The CBMTS IV
Spiez Laboratory Switzerland
28 April - 3 May 2002
Symposium Chair Dr. Barbara Price's concluding remarks:
of you for attending the CBMTS IV. We have had 28 countries represented
here discussing chemical and biological medical treatment. In the first
CBMTS in 1994 we were still listening to papers addressing measurements
of LD50 for CW agents and summaries of how antidotes and
oxime treatments worked and characterizing viruses and looking at general
response type biodetectors.
later, we really have come a long way. We are addressing much more complicated
medical treatments, refining these treatments, using much more sophisticated
instrumentation and really examining the effects of different cell infections
on the viruses and the proteins they express. And we, the 140 CBMTS
IV professionals, have had many discussions on bioterrorism.
we get the criticism that an author is presenting older work with just
a little bit of new material added. This has happened, but even then
we have also received comments saying that "I'm new to the field and
now I finally understand why that technique is important." The CBMTS
offers scientists the chance to talk to each other, not just to listen
to papers. It is an excellent opportunity to walk up to another scientist
to say, "I'm not sure I fully understand the point of your experiments
here, would you please explain why you did thus and such."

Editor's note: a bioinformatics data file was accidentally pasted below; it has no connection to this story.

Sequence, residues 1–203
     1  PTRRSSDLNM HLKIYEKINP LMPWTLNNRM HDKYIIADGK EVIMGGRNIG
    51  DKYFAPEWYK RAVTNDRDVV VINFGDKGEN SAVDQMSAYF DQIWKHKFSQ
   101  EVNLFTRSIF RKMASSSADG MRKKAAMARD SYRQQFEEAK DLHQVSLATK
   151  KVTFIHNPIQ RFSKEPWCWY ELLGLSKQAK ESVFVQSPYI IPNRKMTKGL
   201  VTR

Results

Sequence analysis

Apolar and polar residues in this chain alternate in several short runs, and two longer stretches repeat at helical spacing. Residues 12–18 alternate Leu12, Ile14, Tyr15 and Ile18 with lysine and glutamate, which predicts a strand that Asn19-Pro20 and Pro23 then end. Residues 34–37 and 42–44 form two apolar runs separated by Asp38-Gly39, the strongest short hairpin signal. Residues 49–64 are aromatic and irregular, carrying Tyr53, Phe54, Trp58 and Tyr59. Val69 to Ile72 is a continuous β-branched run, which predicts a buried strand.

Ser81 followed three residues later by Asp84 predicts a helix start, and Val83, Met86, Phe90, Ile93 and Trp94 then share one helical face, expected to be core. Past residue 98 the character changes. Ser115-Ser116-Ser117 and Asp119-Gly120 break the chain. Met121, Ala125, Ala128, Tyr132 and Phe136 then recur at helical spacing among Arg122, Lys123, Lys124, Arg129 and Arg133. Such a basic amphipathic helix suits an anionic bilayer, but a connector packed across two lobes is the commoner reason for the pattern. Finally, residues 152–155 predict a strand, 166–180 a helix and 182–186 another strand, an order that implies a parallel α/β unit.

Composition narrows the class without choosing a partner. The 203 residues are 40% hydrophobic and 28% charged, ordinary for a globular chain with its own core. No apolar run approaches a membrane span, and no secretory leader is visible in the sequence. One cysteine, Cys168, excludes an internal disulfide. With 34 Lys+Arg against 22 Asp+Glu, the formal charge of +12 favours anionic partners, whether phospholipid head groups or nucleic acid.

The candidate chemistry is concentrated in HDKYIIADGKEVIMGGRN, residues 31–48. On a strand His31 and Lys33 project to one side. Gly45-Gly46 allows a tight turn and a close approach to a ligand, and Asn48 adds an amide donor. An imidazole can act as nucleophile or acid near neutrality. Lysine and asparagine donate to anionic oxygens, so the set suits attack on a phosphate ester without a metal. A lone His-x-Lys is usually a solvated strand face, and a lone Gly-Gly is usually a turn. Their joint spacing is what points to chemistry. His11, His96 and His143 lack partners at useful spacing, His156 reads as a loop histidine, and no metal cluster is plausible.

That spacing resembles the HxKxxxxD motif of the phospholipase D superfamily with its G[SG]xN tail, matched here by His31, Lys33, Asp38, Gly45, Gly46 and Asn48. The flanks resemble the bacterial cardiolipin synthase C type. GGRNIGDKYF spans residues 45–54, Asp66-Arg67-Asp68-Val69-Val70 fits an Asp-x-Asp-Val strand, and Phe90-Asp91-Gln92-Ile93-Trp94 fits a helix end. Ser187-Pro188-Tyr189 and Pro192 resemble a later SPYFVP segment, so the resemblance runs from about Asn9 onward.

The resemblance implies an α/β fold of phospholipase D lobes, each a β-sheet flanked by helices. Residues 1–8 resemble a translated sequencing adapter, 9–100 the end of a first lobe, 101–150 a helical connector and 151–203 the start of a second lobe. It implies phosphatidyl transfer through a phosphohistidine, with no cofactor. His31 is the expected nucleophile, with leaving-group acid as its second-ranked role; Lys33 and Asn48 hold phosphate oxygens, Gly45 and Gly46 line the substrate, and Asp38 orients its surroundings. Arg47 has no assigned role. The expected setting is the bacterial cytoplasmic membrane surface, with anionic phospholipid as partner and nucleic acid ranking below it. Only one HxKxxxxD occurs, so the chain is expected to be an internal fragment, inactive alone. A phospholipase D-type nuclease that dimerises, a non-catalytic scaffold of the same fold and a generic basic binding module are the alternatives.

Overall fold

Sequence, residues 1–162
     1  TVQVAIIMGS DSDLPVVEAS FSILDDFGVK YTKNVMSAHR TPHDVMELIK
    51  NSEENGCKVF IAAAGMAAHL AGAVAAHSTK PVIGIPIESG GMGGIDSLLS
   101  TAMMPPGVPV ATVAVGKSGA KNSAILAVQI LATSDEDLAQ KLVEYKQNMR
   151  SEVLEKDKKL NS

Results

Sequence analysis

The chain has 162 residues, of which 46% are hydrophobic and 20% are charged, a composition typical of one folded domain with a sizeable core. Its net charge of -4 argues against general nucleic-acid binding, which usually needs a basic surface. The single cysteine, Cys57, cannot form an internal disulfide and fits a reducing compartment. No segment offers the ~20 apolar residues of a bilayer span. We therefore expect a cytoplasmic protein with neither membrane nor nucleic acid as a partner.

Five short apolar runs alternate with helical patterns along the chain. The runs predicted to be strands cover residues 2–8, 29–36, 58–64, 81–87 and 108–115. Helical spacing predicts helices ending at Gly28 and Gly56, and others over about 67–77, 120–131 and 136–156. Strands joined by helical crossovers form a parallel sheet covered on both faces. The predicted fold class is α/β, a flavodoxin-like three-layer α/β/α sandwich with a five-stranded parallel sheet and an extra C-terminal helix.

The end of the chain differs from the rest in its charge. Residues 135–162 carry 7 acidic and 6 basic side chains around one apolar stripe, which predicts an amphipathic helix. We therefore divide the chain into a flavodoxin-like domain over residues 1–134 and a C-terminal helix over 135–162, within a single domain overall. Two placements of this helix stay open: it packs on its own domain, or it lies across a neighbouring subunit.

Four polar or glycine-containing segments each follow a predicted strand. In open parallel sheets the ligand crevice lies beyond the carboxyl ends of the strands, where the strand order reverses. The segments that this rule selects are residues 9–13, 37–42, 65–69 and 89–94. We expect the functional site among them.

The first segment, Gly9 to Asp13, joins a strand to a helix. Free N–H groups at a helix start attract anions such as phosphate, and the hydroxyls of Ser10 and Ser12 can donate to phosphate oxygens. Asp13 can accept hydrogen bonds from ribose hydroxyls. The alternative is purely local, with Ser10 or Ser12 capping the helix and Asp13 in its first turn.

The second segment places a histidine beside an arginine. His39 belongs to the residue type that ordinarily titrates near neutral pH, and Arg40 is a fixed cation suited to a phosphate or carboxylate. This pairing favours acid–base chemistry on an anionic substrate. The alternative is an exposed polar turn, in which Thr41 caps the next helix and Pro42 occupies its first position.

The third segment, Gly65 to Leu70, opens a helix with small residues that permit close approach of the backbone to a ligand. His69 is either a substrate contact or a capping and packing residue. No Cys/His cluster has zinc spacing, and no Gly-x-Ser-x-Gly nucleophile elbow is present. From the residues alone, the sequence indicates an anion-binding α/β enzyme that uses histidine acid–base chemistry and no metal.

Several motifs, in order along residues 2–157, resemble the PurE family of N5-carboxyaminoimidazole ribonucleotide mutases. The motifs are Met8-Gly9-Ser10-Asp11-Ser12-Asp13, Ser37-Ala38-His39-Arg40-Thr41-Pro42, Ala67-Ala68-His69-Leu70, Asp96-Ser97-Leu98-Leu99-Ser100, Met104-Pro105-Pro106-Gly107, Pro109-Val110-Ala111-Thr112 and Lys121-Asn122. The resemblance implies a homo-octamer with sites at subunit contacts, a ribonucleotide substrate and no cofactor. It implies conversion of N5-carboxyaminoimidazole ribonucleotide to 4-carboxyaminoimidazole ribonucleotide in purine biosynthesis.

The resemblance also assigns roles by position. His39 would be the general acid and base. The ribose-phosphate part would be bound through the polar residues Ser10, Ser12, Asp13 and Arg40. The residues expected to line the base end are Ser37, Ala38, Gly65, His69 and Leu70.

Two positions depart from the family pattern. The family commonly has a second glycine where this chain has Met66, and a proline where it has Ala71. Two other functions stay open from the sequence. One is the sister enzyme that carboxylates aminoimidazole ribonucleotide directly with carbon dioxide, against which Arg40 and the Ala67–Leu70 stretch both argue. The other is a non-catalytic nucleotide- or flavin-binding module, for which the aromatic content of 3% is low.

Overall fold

has always mixed bio and chem. And offered us all the chance to learn
about both fields. And now we are really combining these fields in our
incidence and consequence management approaches.
CBMTS's real successes have been:
- Better cooperation and collaboration between countries and agencies
- Standardization of AChE measurements around the world to the point
that a commercialized product and method is now available. This was
spearheaded by Dr. Rudolf Portmann and Dr. Ladislaus Scinicz.
- Closer examination of sodium bicarbonate in OP poisoning treatment.
This concept was first introduced by Dr. Balali-Mood and it is wonderful
to see how other medical doctors have not dismissed it, but have gathered
together to investigate how it works because it offers poorer countries
a more affordable medical treatment of OP poisoning victims.
- Sharing of their database of medical treatment of CW casualties
in Iran by the Iranian doctors.
- Looking at an international network of infectious disease centers
to expedite communication and treatment of disease outbreaks.
- Information and contacts for scientists, doctors, and policy makers
in all countries.
- And finally, discussions of what worked and did not work in various
natural disasters, terrorist acts and industrial accidents, which
have helped all of us to refine our response plans.
us at the CBMTS are to be commended for our commitment to international
cooperation in treatment aspects of chemical and biological agents.
We really have brought hope for the future in this field.
Barbara Price Ph.D.
Chair CBMTS IV
Battelle Memorial Institute